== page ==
I think of Tulku Urgyen sitting quietly in his room, wrapped in blankets in his meditation box, casually fingering his mala like a rosary of forgotten worries. He was gazing out the window when 1 left him, across the Kathmandu Valley with its crowded and busy streets far below, so much like any other city. Everywhere, people are chasing after something, driven by hopes, fears, and needs through days of routines. It is rare in this age of confusion for one to dwell in the open expanse of mental freedom, contemplating the clear space of ungraspable quietude. Liberation is a joyful path, I imagine; maybe it is also a lonely place, where the great masters find themselves awake in a world of dreamers enslaved by the empty reflections of their minds.
Eagles soar through the afternoon sun, rain gathers on the eastern horizon, and evening spreads up the green canyons around Lake Fewa. In the mirror of my mind, I see sunset over Los Angeles. The freeways crawl like stagnant vaporous sewers, their inhabitants sitting transfixed with fatigue or impatiently accelerating their vehicles against the immobile mass. Above, the sky is the color of feverish blood, while below, the homeless gradually slip away from their unbearable reality into the strange realms of madness. The chemical slime of the city seeps through the storm drains into canals where the poor wash and drink, then to the ocean where children at the beach laugh and imagine the sea creatures that their ancestors once saw. 1 count the cycles of my breath on fragrant sandalwood beads brought from sacred Bodhgaya, inhaling the sadness of these hardships, and exhaling tranquility.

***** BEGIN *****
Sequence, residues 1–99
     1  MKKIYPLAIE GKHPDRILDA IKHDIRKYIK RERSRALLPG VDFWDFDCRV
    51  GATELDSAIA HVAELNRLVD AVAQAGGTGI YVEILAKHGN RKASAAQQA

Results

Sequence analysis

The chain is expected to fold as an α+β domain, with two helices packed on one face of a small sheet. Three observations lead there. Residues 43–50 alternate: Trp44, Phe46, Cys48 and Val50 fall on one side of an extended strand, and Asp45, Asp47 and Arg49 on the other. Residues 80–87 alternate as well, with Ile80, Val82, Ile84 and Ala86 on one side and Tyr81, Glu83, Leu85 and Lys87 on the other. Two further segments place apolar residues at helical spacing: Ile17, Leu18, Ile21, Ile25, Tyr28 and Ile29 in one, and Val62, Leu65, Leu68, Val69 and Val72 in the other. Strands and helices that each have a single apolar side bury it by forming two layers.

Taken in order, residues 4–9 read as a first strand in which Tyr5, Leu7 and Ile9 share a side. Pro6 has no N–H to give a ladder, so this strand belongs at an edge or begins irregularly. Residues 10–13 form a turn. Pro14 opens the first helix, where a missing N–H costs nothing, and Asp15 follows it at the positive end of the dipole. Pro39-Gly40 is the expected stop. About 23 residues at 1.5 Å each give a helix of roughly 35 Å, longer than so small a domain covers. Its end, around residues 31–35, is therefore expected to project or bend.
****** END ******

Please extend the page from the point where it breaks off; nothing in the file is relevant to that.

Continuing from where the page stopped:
What have I accomplished today? No working hours have dragged by, changing minutes into dollars. I've made no business deals, attended no meetings of great importance. No material progress has occurred, and I have gained no delightful acquisitions to distract myself and impress others. Fame and fortune have not come my way while I rested in simple awareness, free of all such concerns. No worldly attainments, no socially redeeming productivity, no heroic deeds.
A bird begins to sing in the approaching darkness. It has a message, and I am listening. It sings for the sky, it sings for the trees, it sings for the animals, and it sings for the children. It sings gratitude for my doing nothing.
Photos by David Crow, Nepal, 1987
I'm sharing meditation techniques learned from my many years of study and practice in my newest training – Listening to the Heart. Please join me LIVE on Saturdays at 10am pacific until August 26th, or any time via the recordings that are posted after every class.